Beginning this fall, Portland Seminary in Oregon is revising two courses: Essentials in Christian Theology and Awareness & Identity II. The former will be revamped to include a discussion of social-scientific research on the connection between religious participation, healing and health. The latter will incorporate a new section engaging cognitive sciences and the relationship between neuroplasticity, spiritual formation and religious experience.
“One of our key strategic priorities is to become a university known for the integration of science education and the Christian faith, and the promotion of intellectual Christianity,” said Ekaterina Lomperis, who, along with fellow Portland Seminary professor Dan Brunner, is the principal of the grant. “We look forward to using this grant to strengthen our work of intellectually equipping our students to interact with science as an ally, rather than as an adversary, of Christian faith.”
Meanwhile, in the U.K., another eight seminaries received funding from the Templeton Religious Trust to promote ‘science-engaged’ theology.
The successful recipients are the London School of Theology, Nazarene Theological College, Ripon College Cuddesdon, Regents Theological College, Cranmer Hall, St Augustine’s College of Theology, Sarum College, Wycliffe Hall, and the University of Aberdeen’s School of Divinity.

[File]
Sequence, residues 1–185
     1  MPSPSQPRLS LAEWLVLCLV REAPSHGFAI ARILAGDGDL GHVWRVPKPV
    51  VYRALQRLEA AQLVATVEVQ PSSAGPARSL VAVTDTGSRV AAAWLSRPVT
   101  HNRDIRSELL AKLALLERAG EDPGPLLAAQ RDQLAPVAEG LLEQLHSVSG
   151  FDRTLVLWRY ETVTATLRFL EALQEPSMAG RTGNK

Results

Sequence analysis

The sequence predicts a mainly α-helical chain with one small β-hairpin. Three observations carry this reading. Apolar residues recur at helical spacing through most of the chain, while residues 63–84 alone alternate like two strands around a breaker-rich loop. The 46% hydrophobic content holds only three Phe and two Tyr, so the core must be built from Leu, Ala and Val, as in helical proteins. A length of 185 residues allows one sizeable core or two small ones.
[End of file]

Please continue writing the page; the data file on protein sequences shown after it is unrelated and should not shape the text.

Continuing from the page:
Nazarene Theological College in Manchester initially has been focused on a unit that engages students with Science and Theological Ethics, and which will act as one focal point for undergraduate engagement with scientific themes and questions. A new undergraduate module exploring Contemporary Issues in Science is being developed for September 2022 delivery. The MA in Theology and Ecology will be developed and enhanced as part of the Science for Seminaries project as well.
At London School of Theology, the plan has been to integrate science into ongoing classes such as Introduction to Doctrine, which explores scientific perspectives in relation to various theological topics. A second course on Person and Work of the Holy Spirit will engage with environmental science and creation care.
Wycliffe Hall in Oxford plans on redeveloping the core Introduction to Christian Doctrine course to include scientific input across three key lectures. A lecture on the doctrine of creation will be updated to include perspectives from environmental science; a lecture on theological anthropology will explore issues of human distinctiveness compared to animals; and a lecture on evil will engage with scientific insights on the problem of evil.